Preventing excess cold air from entering the home is necessary to avoid damage, according to Louisville Water. The agency recommends wrapping exposed pipes with insulation material, blocking vents to crawl spaces and closing garage doors if the house is built on a slab.

Allowing a tap to release a slow, steady stream of water and opening cabinet doors can help prevent pipes freezing.

Relevant accounts and websites to monitor and check for resources:

Community resources for So. Indiana, Louisville residents in need

Community groups are preparing for the brutally cold days ahead, in a season that’s already been cold early.

The Homeless Coalition of Southern Indiana operates a white flag emergency shelter when temperatures drop below 35 degrees Fahrenheit. Guests can check in at the shelter at 1902 Corydon Pike in New Albany between 7 and 10 p.m. TARC provides free rides to the bus stop at State and Elm streets, where staff begin picking up guests around 6:30 p.m.

On Christmas Day, the shelter will open at 5 p.m.

Director Leslea Townsend Cronin said the shelter has been open more days than it’s been closed since the season started Nov. 15. They’re also seeing more people visit than any year before.

“This shelter is open to anyone who needs shelter, not just those sleeping on the streets,” she said. “Anyone who needs to get out of the cold, anyone whose home is cold and [they] need to sleep and stay warm.

“We really want to make sure that people are staying healthy and making it through the winter alive.”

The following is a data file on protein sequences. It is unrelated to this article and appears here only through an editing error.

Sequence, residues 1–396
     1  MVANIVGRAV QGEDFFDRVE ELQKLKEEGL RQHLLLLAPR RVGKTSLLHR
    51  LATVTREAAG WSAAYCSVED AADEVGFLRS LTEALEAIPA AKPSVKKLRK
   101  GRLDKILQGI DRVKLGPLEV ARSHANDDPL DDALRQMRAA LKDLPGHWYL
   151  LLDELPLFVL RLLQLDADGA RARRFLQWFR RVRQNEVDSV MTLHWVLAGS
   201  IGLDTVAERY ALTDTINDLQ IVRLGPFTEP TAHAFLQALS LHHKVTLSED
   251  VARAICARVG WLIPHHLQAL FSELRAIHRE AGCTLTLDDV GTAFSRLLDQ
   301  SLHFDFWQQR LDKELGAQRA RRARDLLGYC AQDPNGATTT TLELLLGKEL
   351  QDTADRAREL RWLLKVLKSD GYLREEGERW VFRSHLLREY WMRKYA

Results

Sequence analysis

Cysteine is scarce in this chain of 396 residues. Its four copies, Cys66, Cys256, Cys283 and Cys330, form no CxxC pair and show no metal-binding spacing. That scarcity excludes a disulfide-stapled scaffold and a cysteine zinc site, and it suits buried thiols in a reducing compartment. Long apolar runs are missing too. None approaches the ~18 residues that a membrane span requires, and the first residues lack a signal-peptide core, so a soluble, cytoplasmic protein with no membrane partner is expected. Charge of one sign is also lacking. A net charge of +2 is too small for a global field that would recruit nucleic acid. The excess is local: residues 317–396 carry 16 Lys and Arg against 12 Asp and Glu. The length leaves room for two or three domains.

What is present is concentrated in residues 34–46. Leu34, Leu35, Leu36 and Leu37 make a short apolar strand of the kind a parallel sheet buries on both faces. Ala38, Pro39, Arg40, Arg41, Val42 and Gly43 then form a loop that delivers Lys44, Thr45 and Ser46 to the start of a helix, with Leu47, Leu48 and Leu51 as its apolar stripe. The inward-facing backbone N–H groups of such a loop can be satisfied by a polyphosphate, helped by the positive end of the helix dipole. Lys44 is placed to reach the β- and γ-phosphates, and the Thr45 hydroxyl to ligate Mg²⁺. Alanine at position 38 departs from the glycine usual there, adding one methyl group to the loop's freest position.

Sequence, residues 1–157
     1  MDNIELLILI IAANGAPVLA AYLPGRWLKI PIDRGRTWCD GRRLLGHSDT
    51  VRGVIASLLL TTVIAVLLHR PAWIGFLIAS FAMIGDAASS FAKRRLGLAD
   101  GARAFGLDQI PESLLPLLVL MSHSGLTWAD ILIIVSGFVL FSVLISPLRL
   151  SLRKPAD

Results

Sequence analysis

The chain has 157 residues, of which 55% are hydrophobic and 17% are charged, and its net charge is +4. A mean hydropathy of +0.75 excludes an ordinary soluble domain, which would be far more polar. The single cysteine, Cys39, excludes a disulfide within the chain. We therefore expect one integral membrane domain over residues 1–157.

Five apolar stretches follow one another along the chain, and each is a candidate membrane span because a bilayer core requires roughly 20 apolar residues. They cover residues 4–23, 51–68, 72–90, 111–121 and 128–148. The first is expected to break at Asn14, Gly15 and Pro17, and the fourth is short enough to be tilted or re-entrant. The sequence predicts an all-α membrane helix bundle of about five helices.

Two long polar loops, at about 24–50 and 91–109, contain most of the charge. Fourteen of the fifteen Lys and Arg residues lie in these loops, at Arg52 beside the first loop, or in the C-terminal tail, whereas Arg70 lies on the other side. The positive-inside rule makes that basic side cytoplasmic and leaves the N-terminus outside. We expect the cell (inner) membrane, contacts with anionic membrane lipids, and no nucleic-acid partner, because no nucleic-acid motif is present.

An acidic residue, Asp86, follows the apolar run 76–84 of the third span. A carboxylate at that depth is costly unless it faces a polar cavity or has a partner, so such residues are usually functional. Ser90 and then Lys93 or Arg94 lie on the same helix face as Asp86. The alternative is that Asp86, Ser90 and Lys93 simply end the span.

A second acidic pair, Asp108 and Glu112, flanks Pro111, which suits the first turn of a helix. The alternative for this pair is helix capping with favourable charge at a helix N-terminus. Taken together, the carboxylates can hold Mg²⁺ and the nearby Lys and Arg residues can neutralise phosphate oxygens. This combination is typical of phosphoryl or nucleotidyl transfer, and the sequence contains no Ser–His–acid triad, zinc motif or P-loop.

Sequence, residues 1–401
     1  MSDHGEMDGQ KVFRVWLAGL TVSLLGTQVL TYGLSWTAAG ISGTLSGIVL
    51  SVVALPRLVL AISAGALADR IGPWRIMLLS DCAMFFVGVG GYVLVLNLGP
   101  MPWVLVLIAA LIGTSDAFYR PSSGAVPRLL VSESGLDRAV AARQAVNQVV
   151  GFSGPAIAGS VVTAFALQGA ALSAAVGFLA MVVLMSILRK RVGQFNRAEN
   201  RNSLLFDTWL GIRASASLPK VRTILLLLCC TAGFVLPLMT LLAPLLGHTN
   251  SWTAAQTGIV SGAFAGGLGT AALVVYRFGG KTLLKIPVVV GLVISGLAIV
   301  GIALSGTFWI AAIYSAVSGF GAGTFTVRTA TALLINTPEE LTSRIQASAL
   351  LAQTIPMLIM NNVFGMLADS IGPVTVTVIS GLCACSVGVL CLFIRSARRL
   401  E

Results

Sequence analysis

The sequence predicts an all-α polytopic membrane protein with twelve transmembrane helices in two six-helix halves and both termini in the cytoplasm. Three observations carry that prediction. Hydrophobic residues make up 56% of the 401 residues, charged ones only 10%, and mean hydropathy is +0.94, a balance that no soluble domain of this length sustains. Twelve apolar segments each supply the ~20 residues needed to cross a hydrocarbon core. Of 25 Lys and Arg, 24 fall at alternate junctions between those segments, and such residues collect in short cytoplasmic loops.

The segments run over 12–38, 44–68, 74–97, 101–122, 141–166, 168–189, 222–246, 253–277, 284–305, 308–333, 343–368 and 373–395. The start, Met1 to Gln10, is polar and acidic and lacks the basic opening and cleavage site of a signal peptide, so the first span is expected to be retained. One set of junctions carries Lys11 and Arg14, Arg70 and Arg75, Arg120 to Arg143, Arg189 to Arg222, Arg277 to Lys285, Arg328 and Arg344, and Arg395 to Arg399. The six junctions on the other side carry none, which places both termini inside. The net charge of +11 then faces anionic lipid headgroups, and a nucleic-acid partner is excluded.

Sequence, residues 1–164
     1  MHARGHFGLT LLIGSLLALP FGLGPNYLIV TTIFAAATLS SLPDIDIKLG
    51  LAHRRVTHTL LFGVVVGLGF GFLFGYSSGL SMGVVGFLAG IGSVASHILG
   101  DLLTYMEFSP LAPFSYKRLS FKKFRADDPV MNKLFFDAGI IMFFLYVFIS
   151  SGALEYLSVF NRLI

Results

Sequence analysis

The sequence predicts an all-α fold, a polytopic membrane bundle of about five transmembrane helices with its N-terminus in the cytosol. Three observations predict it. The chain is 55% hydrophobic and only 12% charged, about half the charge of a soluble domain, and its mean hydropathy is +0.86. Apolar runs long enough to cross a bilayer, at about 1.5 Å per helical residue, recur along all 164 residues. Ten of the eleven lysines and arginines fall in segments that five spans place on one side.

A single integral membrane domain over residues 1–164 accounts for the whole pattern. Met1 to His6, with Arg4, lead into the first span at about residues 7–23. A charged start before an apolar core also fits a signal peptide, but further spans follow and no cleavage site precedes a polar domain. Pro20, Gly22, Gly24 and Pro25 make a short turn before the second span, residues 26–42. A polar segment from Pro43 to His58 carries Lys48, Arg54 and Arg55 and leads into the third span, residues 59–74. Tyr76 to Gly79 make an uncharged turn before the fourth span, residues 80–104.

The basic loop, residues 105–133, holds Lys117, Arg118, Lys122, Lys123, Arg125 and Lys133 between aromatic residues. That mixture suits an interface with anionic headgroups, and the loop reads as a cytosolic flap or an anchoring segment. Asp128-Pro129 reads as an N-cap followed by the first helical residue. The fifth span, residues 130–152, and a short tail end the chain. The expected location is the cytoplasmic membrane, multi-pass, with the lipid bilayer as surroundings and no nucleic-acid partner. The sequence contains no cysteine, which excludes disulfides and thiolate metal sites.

The shelter serves dinner and breakfast, and check out is 7 a.m. Staff will help guests get to other locations that are operating day services over the next few days.

Pets are welcome, but must be in a crate, which is provided.

Identification or proof of trying to get one is required.

Townsend-Cronin said the Coalition usually sees around 15 to 20 people a day this time of year when the shelter is open, with numbers going up around January and February.

“But this year, we're seeing quite a few more guests coming through our shelter during this time than we've seen in any other year,” she said.

Jim Moon, director at Catalyst Rescue Mission at 1727 DL Motley Way in Jeffersonville, said the shelter will welcome anyone who needs to get out of the cold from 11 p.m. to 7 a.m. this Friday and Saturday. Moon said guests can then go to West Maple Street Baptist Church, 403 W. Maple St., where homeless outreach Jesus Cares at Exit 0 will be operating.

The City of Charlestown will also open the Arts and Enrichment Center at 999 Water Street this week for anyone who needs a warm place to stay. To request it to open, call (502) 523-3650.

Louisville shelters participating in Operation White Flag

Wayside Christian Mission
432 E. Jefferson St.

Salvation Army Center of Hope
911 S. Brook St.

St. Vincent de Paul (Men only)
1034 S. Jackson St.
502-584-2480 ext. 224

Additional warming stations in Southern Indiana: 


Nomad Church Collective
1423 E. Oak Street, New Albany
9 a.m. to 6 p.m.

Transportation provided
Jesus Cares at Exit 0
West Maple Street Baptist Church

403 W. Maple Street, Jeffersonville
8 a.m. to 6 p.m.


Nomad Church Collective
1423 E. Oak Street, New Albany
9 a.m. to 6 p.m.
Transportation provided


Knights of Columbus Christmas breakfast
809 E. Main Street, New Albany
Transportation provided

St. Mark's United Church of Christ
222 E. Spring Street, New Albany
10 a.m. to 5 p.m.
Transportation provided

This story has been updated to include information about space heater safety.